The welfare minister started the process by meeting her most vehement antagonist on January 5 and then followed up with separate meetings with Luigi Angeletti (UIL) and Raffaele Bonanni (CISL) on January 9, before concluding with a meeting with her ally, Emma Marcegaglia, president of Confindustria, on January 11. Officially this strategy of ‘divide and rule’ is solely concerned with proposals about moving towards a single contract for young people entering the labour market and new ideas about changes in the subsidies or benefits for the unemployed or those made redundant by the recession, but it is abundantly clear that in reality the attack on article 18 is still very much on the agenda.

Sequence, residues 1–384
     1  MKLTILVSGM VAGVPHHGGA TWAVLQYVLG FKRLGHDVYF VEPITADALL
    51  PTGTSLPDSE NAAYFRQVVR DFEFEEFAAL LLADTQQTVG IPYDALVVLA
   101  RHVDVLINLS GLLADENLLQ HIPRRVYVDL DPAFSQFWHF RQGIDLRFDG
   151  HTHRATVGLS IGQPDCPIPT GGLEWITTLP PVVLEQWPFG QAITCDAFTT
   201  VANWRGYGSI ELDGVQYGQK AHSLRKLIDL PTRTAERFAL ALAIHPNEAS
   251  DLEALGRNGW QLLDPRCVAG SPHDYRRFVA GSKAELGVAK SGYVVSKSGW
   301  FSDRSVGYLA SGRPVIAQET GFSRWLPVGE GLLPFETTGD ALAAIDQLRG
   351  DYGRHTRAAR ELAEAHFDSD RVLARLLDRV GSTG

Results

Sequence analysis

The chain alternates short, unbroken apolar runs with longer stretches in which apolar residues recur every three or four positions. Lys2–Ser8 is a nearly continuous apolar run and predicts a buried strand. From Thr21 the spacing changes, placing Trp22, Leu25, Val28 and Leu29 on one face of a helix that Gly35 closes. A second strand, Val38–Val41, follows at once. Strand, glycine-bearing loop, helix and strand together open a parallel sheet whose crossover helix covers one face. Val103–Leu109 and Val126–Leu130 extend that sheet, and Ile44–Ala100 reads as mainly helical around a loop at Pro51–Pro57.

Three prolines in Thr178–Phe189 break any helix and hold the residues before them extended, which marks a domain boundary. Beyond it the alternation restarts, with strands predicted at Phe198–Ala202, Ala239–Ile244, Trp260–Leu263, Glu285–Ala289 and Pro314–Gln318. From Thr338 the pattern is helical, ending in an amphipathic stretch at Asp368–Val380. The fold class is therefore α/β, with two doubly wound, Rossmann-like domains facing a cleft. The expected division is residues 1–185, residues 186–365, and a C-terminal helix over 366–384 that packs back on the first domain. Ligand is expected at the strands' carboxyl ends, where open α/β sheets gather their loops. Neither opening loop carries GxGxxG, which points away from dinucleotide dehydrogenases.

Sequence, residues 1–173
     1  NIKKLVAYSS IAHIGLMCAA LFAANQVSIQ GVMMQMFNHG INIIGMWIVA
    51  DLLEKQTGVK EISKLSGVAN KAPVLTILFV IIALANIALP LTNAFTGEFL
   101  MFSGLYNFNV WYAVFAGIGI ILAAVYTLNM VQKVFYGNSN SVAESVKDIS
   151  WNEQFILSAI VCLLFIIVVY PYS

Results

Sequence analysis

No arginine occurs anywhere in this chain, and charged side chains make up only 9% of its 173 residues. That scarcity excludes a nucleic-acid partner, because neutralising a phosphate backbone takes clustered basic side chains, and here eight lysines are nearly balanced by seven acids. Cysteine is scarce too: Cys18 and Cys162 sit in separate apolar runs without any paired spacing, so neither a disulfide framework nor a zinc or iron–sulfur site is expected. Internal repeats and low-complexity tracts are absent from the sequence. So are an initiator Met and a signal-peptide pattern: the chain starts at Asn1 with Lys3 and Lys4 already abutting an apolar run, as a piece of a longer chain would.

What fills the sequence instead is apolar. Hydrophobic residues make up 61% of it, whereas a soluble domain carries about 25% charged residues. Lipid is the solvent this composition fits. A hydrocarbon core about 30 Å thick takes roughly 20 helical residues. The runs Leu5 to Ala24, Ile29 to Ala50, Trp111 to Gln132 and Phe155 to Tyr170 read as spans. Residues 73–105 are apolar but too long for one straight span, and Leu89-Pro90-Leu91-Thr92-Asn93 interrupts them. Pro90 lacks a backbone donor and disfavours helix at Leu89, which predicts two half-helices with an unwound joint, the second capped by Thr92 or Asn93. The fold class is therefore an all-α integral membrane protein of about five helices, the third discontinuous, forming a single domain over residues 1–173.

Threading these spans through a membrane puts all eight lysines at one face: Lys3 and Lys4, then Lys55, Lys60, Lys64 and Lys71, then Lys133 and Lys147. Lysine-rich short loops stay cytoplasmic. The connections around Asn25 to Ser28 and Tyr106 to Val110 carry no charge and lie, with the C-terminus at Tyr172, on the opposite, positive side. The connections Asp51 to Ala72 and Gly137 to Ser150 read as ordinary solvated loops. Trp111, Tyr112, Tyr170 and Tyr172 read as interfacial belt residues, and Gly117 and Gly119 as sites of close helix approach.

Monti gave the game away in his wide-ranging TV interview on January 8: “We have a mental attitude in which there are no taboos and it was in this sense that minister Fornero also mentioned article 18. In the past these matters were dominated by important symbols, but in this phase we don’t need symbols, but work - work that is not precarious - for young people.”
One does not need to be an avid reader of Sigmund Freud, as perhaps these two elderly professors were in their youth, to realise that in the context of labour market ‘reform’, Monti’s ‘no taboos’ and Fornero’s ‘no totems’ are in practice interchangeable.
1.1 La Repubblica January 2.